When he was 20, his world turned upside down. His father, who had been a standout football player at Central Catholic and is a member of its hall of fame, was diagnosed with pancreatic cancer in March of 2012 at age 49. He died just weeks later.

“Through my whole career, he was such a big part of it,” Hafner said. “Playing was the biggest way to pay tribute to him for his sacrifice.”

Hafner’s goalie mask pays homage to his family with a depiction of himself along with his father and grandfather. His helmet also includes the initials of all of his immediate family members and his father’s old football number that he wore when he played at Bluffton College, No. 55.

Hafner said he could feel his father’s presence as he fought through adversity throughout the season.

“He was always the guy who believed in me,” Hafner said. “He told me I was good enough to make it. He told me to keep working hard and everything would work out. Then to cap it off this way was the best way to pay tribute to him.

“There were so many times in this whole playoff run that it seemed too good to be true. There is no doubt in my mind that someone was helping me out from up above.”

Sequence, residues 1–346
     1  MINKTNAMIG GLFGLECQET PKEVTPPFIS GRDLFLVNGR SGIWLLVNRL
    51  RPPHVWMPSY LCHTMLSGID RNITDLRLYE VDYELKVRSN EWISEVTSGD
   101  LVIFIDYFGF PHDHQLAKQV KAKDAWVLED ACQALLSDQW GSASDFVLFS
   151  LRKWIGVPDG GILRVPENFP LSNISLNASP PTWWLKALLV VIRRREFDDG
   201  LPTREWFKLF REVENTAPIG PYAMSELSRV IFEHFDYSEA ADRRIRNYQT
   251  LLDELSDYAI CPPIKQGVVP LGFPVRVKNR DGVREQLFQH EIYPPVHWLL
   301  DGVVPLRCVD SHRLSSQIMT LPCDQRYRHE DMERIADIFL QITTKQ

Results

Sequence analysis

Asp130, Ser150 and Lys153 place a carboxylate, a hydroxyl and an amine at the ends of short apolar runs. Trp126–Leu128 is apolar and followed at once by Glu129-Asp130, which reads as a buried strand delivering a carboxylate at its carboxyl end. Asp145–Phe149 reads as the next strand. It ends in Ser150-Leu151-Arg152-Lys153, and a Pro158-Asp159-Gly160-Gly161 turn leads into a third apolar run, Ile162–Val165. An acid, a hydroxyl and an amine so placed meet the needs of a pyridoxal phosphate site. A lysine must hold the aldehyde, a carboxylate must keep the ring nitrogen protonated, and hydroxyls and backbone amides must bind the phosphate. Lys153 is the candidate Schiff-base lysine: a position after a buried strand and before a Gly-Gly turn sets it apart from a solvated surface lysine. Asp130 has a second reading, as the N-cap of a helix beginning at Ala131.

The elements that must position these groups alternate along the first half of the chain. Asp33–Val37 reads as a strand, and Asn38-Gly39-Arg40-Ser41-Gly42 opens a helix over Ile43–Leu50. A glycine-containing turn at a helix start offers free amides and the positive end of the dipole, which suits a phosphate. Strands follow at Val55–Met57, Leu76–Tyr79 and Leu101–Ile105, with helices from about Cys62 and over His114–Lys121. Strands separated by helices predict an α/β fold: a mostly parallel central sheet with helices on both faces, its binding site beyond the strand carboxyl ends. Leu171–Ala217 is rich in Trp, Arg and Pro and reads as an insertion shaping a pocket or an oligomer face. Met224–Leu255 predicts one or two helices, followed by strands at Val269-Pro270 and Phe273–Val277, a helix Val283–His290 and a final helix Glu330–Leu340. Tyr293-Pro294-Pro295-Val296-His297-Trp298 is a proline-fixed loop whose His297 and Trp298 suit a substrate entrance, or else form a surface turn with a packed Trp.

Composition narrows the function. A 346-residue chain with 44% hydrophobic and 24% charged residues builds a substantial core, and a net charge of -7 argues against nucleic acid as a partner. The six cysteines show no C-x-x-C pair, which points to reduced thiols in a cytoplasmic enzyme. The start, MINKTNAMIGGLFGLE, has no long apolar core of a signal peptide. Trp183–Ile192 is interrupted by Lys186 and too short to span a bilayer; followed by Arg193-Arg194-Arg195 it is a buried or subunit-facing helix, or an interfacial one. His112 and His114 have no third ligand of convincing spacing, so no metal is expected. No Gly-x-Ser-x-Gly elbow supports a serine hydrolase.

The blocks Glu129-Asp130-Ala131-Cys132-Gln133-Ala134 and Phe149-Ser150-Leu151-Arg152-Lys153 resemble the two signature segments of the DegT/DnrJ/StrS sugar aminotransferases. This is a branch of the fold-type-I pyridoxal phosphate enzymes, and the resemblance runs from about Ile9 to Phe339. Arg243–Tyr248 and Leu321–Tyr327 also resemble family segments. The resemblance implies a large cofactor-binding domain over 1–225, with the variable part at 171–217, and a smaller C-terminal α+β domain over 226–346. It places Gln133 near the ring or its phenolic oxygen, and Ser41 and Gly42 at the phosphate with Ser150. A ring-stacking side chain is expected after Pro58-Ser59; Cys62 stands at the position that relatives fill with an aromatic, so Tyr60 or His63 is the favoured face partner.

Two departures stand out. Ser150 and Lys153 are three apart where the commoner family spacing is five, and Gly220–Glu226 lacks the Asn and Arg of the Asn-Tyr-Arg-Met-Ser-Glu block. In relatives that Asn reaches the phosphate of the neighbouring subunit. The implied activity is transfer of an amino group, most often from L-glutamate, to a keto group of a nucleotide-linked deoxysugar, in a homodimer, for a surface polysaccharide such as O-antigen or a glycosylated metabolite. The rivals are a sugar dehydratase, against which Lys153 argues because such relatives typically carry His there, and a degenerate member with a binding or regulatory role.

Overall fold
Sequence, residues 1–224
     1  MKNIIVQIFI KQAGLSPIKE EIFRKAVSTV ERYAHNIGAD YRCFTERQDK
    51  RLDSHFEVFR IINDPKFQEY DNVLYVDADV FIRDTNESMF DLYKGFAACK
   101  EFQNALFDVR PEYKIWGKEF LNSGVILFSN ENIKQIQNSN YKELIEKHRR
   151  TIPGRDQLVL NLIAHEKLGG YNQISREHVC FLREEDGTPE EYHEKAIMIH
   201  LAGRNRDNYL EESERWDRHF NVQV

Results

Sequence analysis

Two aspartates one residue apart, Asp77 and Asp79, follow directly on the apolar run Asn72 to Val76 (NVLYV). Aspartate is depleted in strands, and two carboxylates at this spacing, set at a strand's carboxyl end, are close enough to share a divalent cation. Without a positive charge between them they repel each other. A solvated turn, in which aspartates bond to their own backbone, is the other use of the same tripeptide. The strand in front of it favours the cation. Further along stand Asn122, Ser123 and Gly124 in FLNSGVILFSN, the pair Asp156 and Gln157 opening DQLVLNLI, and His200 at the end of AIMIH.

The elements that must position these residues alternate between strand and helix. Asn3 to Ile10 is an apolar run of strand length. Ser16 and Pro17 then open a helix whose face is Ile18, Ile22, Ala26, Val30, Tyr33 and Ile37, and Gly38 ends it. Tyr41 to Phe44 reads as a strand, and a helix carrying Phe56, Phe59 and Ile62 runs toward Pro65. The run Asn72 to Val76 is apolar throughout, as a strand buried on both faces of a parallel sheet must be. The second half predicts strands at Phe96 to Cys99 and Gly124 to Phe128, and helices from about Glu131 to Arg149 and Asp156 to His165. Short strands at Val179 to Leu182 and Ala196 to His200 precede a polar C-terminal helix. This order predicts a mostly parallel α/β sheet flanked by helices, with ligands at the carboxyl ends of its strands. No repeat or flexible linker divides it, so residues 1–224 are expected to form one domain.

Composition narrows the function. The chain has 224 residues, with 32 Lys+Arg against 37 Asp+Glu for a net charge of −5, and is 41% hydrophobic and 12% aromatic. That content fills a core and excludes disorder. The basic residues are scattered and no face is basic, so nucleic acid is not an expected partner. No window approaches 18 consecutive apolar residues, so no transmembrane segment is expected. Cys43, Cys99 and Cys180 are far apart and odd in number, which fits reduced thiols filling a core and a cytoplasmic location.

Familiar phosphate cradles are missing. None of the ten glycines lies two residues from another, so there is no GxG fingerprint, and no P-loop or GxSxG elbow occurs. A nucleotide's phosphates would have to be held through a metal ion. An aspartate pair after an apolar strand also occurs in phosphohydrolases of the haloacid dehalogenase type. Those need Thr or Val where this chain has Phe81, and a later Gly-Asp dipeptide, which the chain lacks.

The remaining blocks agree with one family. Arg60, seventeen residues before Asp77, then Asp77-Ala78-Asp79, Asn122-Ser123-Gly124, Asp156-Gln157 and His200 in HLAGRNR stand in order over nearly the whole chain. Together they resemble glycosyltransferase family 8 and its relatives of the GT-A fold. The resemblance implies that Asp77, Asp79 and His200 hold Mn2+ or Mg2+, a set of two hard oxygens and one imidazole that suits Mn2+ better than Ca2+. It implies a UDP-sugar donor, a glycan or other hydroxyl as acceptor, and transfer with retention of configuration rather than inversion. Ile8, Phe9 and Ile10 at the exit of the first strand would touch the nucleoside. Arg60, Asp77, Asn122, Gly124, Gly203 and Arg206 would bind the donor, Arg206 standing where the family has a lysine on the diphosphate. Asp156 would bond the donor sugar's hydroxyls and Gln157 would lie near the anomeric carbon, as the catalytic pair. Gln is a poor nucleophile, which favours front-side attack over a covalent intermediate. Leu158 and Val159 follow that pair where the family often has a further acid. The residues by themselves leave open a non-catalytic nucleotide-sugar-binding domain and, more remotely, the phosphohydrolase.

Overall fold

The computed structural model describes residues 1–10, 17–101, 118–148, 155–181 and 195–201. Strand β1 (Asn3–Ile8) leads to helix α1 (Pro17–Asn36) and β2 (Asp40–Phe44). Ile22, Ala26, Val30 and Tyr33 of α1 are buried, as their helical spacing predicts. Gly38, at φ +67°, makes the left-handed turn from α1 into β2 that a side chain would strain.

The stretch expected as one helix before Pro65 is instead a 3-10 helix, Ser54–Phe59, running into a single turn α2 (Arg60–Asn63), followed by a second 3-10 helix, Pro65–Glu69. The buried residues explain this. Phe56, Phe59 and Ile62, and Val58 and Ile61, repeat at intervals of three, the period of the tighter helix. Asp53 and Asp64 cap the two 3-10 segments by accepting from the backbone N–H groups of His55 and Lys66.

The Eagles went 6-0 in games that went to overtime.

“That alone is huge,” Hafner said. “If those go the other way, it’s completely different. In the two games in the finals, we were down a goal with 30 seconds left [and tied it]. Everyone just believed. Guys were just confident.

“When we won in South Carolina, me and a couple of the other rookies looked around at some of the older, veteran guys that have been playing their whole careers for this, and you realize what a blessing it is for us to get it in year one. It’s almost a belief — a destiny type of thing.”

Contact Mark Monroe at: mmonroe@theblade.com, 419-724-6354 or on Twitter @MonroeBlade.